One mark of a good piece of audio equipment is that it doesn’t flatten the sound of everything you’re listening to the point that it sounds samey. The Authentics 300 features self-tuning that calibrates and optimizes it whenever you move the speaker, and very few companies can pull off an EQ that’s custom-tailored and tasteful. With this one, however, you may find yourself hearing new elements of older tracks or realize how different two songs by similar artists really are. Listeners with a diverse musical diet will be rewarded for their adventurousness by hearing all the different ways creators make their music.

JBL Authentics 300 Sony SRS-XG300
The JBL Authentics 300 (left) alongside the Sony SRS-XG300 (right). Brandt Ranj / Popular Science

But the Authentics 300 doesn’t live in a bubble; similarly sized speakers like Marshall’s Kilburn 2 and Sony’s SRS-XG300 are available for under $250, and neither is a slouch. Sonos is about to release its Move 2, which is smaller but targeting the same market for the same price (and if you’re not inclined to, well, move your speaker, the multi-driver multi-channel Sonos Era 300 brings Dolby Atmos to the party). With the Sony IP67 and the Sonos IP56, those are speakers for a pool party. However, none of the speakers we’ve been testing seek to offer the same type of on-the-go hi-fi experience. They sound great, don’t get us wrong, but the Authentics 300 is simply a step above in terms of the detail you can hear in your music, whether inside or out.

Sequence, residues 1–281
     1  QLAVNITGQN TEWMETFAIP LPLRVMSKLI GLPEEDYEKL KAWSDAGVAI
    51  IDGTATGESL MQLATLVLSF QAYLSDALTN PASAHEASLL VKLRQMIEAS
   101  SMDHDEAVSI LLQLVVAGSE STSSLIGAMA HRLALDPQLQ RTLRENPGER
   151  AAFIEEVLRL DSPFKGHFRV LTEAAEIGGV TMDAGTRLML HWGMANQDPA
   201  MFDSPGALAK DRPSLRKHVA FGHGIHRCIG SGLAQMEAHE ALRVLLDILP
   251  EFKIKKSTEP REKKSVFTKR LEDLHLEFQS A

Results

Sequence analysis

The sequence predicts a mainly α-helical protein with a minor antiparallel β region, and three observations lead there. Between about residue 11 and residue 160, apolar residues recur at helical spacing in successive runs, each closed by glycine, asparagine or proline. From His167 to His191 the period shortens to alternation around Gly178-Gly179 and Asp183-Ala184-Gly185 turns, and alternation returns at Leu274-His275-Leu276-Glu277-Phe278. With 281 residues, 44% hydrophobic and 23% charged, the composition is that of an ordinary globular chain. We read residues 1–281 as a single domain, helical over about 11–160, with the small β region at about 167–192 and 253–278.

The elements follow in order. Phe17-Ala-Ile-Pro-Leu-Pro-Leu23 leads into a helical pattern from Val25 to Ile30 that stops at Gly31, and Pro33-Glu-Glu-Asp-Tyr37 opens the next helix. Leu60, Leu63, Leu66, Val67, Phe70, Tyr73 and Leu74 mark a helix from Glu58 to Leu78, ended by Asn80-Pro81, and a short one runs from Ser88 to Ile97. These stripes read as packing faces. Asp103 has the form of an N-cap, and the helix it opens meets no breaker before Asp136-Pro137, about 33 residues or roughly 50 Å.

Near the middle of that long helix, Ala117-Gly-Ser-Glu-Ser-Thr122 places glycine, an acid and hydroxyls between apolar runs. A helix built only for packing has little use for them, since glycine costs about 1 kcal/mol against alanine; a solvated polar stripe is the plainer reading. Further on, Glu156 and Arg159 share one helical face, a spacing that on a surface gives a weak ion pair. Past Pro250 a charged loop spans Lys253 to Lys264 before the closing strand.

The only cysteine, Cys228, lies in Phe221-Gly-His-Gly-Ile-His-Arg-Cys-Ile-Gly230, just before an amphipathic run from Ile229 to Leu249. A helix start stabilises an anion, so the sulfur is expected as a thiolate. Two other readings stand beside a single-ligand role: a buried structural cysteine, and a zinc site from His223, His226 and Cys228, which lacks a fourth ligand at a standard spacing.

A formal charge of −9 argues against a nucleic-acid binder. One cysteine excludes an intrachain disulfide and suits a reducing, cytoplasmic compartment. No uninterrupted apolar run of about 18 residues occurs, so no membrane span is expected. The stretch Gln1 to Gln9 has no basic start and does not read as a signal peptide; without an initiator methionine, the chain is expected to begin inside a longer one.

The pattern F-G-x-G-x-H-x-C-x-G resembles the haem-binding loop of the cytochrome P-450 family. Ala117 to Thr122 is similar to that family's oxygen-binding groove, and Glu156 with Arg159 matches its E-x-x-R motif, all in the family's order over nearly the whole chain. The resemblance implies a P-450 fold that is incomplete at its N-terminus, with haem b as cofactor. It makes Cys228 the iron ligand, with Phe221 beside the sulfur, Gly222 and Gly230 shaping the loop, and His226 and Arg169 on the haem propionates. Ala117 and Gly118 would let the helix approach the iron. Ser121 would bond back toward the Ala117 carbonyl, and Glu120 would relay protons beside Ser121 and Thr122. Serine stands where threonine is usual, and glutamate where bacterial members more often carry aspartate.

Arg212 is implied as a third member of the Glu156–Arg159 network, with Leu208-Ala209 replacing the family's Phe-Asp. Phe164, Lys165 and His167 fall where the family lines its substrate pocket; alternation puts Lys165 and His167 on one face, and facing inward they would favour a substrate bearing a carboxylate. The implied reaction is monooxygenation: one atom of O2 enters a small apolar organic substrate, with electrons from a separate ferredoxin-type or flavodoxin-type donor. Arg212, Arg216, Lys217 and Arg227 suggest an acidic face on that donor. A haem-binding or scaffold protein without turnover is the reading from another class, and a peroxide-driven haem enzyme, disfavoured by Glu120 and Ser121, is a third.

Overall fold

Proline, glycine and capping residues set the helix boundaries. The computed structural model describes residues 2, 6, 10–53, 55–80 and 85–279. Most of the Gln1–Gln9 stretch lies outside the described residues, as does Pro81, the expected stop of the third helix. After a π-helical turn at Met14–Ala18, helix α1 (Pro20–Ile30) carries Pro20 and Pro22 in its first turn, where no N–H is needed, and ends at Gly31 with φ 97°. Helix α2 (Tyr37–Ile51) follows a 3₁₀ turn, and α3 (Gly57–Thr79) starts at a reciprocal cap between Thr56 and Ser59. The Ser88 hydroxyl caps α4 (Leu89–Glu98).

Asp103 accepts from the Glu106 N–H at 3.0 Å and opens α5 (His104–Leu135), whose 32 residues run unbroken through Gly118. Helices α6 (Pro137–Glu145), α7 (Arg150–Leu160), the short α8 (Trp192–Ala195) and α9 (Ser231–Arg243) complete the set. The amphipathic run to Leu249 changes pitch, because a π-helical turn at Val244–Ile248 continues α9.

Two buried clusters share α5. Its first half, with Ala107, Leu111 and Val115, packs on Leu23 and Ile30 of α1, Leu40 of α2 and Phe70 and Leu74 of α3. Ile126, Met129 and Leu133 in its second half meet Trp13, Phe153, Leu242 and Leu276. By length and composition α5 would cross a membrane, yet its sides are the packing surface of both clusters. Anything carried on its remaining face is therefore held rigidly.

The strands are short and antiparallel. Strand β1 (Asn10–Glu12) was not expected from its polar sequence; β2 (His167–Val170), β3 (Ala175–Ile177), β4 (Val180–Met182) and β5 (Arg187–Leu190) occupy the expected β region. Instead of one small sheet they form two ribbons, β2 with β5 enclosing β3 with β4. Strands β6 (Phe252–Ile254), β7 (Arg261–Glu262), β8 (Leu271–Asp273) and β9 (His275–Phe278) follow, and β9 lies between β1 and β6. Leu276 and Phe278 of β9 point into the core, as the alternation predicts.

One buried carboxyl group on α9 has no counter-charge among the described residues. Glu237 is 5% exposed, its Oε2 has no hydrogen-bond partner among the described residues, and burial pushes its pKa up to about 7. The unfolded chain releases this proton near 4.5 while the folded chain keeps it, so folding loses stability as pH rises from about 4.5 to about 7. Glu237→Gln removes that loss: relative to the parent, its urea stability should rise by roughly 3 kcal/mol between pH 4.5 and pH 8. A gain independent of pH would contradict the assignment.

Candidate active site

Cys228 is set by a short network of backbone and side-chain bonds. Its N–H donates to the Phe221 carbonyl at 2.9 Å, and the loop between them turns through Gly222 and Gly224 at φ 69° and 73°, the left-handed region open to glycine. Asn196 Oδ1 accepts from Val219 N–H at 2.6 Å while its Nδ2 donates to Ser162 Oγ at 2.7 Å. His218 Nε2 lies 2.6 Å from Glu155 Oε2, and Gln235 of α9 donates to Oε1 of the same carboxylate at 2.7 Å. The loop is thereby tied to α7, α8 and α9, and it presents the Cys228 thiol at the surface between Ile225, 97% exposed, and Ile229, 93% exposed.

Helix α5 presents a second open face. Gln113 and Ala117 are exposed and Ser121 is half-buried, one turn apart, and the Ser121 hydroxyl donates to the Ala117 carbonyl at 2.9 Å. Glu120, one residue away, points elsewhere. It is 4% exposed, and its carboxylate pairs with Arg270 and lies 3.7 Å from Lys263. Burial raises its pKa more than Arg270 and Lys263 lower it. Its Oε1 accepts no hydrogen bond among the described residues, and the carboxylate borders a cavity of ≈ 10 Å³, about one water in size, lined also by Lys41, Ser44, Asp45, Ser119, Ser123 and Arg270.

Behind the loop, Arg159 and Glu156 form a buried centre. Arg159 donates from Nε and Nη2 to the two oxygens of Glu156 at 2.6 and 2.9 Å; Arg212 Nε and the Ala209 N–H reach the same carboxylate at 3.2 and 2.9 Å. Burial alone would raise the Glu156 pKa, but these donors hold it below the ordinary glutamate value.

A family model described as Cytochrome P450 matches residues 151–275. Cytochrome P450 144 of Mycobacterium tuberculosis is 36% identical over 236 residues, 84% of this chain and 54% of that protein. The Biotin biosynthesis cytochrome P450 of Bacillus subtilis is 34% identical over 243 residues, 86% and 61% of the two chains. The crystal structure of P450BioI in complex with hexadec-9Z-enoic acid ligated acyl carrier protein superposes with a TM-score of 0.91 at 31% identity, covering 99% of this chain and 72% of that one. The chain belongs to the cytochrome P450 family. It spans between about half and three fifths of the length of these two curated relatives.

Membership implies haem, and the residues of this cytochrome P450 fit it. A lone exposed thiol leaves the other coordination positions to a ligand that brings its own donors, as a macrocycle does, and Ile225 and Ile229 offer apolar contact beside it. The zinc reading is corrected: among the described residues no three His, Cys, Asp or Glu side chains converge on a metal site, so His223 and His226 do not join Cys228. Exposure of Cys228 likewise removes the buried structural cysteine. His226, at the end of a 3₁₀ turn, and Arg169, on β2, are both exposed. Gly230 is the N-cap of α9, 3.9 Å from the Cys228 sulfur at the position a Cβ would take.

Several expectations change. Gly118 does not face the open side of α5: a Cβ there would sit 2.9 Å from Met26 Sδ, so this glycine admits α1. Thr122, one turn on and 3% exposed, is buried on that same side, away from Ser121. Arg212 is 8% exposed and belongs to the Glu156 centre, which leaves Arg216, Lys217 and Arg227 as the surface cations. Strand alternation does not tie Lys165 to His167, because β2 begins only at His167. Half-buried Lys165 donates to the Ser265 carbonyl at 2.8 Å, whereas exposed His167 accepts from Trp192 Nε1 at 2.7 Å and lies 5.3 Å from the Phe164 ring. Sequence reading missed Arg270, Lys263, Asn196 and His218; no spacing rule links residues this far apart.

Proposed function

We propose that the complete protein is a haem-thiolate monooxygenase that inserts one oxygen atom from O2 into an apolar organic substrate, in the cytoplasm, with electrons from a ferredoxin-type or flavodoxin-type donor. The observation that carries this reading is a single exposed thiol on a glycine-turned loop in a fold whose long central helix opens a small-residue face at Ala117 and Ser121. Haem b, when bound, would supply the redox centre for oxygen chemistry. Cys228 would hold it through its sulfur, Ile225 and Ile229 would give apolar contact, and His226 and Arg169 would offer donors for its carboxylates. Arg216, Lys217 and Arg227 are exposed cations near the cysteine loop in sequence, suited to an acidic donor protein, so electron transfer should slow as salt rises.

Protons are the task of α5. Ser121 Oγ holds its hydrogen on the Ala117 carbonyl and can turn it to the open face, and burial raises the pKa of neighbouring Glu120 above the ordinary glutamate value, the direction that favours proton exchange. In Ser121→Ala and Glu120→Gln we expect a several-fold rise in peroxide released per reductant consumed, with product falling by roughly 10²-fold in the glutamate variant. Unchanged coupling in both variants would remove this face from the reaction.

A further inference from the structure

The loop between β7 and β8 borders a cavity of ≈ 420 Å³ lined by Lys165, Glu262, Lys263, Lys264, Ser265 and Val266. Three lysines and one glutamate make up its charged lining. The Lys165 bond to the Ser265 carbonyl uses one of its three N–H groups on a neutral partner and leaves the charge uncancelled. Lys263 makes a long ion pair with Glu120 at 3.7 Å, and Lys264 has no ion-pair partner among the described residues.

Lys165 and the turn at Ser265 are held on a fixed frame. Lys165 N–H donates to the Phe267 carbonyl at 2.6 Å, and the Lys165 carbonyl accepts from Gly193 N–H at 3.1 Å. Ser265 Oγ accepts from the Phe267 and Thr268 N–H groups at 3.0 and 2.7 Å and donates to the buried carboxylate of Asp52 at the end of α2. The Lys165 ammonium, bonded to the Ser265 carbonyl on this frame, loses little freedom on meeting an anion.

The speaker also launches alongside the Authentics 200 and Authentics 500, which share many of the same features but with a little twist. The Authentics 200 is a more compact, more affordable version of this speaker with the same speaker driver layout, but it lacks a rechargeable battery, so it needs to be plugged in at all times. The Authentics 500 is a more expansive, more expensive cabinet of captivation with additional drivers that support virtual Dolby Atmos, and it needs not only a wall socket but also a much larger shelf and understanding neighbors as it pushes some serious air. Get one of each speaker and station them throughout different rooms, and you can play the same song everywhere simultaneously.